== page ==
html.description.abstract<p>BACKGROUND: Personalized care planning is a patient-centered, whole-person approach to treatment planning. Personalized care plans improve patient outcomes and are now mandated for chronic care management reimbursement. Yet guidance on how to best implement personalized care planning in practice is limited.</p> <p>OBJECTIVE: We examined the adoption of personalized care planning in patient-centered medical home (PCMH) clinics to identify processes and organizational characteristics that facilitated or hindered use in routine practice.</p> <p>DESIGN: Qualitative multiple-case study design. We conducted site visits at PCMH clinics in four US Veterans Health Administration (VHA) medical centers. Data included 10 general clinic observations, 34 direct observations of patient-provider clinical encounters, 60 key informant interviews, and a document review. Data were analyzed via qualitative content analysis using a priori and emergent coding.</p> <p>PARTICIPANTS: Employees and patients participating in clinical encounters in PCMH clinics at four VHA medical centers.</p> <p>KEY RESULTS: Each clinic used a distinct approach to personalized care planning: (1) distributed tasks approach; (2) two-tiered approach; (3) health coaching approach; and (4) leveraging a village approach. Each varied in workflow, healthcare team utilization, and degree of integration into clinical care. Across sites, critical components for implementation included expanding planning beyond initial assessment of patient priorities; framing the initiative for patients; using a team-based approach to care plan development and updates; using communication mechanisms beyond the electronic health record; and engaging stakeholders in implementation planning.</p> <p>CONCLUSIONS: Personalized care planning is a novel patient-centered practice, but complicated to implement. We found variation in effective implementation and identified critical components to structuring this practice in a manner that engages patients in treatment aligned with personal priorities. Primary care practices seeking to implement personalized care planning must go beyond simply asking patients a series of questions to establish a plan. They must also engage team members in plan development, communication, and dissemination.</p>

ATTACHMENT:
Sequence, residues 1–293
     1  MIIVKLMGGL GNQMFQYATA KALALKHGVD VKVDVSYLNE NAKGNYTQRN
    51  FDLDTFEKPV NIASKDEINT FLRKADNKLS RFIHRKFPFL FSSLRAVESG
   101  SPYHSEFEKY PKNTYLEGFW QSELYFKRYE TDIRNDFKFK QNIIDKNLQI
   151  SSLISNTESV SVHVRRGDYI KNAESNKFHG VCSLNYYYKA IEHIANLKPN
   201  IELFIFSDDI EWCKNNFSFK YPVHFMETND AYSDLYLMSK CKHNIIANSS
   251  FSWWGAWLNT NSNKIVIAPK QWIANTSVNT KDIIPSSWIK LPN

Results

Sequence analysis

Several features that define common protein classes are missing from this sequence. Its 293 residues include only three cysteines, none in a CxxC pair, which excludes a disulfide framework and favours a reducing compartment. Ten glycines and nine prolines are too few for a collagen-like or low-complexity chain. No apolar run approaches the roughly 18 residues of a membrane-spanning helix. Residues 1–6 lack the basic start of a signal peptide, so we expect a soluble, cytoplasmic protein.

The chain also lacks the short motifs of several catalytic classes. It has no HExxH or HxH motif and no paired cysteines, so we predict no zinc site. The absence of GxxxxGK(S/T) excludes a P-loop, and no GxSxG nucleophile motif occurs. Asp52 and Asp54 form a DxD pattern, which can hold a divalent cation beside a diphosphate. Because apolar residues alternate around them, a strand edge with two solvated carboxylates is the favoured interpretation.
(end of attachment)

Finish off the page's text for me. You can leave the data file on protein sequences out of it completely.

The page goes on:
dc.identifier.submissionpathqhs_pp/1304
dc.contributor.departmentDivision of Health Informatics and Implementation Science, Department of Population and Quantitative Health Sciences